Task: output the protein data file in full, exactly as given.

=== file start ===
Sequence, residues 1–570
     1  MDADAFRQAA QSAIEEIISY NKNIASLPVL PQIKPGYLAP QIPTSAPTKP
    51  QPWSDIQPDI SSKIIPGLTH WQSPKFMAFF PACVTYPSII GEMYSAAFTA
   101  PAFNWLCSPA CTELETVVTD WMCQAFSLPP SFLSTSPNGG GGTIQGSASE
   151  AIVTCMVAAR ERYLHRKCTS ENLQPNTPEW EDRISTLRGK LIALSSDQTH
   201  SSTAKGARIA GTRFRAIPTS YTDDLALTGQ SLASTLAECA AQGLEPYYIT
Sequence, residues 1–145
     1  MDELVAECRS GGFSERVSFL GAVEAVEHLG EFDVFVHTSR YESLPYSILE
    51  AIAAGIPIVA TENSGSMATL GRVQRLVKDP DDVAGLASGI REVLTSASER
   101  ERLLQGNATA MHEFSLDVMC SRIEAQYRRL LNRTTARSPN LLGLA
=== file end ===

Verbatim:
Sequence, residues 1–570
     1  MDADAFRQAA QSAIEEIISY NKNIASLPVL PQIKPGYLAP QIPTSAPTKP
    51  QPWSDIQPDI SSKIIPGLTH WQSPKFMAFF PACVTYPSII GEMYSAAFTA
   101  PAFNWLCSPA CTELETVVTD WMCQAFSLPP SFLSTSPNGG GGTIQGSASE
   151  AIVTCMVAAR ERYLHRKCTS ENLQPNTPEW EDRISTLRGK LIALSSDQTH
   201  SSTAKGARIA GTRFRAIPTS YTDDLALTGQ SLASTLAECA AQGLEPYYIT
Sequence, residues 1–145
     1  MDELVAECRS GGFSERVSFL GAVEAVEHLG EFDVFVHTSR YESLPYSILE
    51  AIAAGIPIVA TENSGSMATL GRVQRLVKDP DDVAGLASGI REVLTSASER
   101  ERLLQGNATA MHEFSLDVMC SRIEAQYRRL LNRTTARSPN LLGLA